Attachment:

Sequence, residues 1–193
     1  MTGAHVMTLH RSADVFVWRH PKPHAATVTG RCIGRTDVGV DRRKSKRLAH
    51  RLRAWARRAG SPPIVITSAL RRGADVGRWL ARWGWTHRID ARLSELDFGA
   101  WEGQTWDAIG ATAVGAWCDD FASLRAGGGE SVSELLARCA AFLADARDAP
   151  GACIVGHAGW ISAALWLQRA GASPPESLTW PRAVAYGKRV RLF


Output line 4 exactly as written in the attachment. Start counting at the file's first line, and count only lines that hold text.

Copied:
   101  WEGQTWDAIG ATAVGAWCDD FASLRAGGGE SVSELLARCA AFLADARDAP